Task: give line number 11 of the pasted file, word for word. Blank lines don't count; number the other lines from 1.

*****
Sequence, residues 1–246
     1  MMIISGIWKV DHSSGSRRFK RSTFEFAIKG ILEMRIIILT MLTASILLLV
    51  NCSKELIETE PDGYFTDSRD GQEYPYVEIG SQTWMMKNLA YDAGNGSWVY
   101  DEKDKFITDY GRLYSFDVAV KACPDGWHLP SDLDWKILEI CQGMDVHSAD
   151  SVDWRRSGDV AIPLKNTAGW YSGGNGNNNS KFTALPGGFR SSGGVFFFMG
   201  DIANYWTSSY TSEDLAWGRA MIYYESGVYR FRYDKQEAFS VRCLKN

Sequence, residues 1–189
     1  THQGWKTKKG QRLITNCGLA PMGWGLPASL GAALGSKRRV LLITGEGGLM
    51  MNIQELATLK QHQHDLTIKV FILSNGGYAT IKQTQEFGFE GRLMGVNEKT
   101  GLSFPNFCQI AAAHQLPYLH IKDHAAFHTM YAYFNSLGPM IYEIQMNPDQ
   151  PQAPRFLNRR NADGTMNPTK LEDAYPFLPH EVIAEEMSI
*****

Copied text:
   151  PQAPRFLNRR NADGTMNPTK LEDAYPFLPH EVIAEEMSI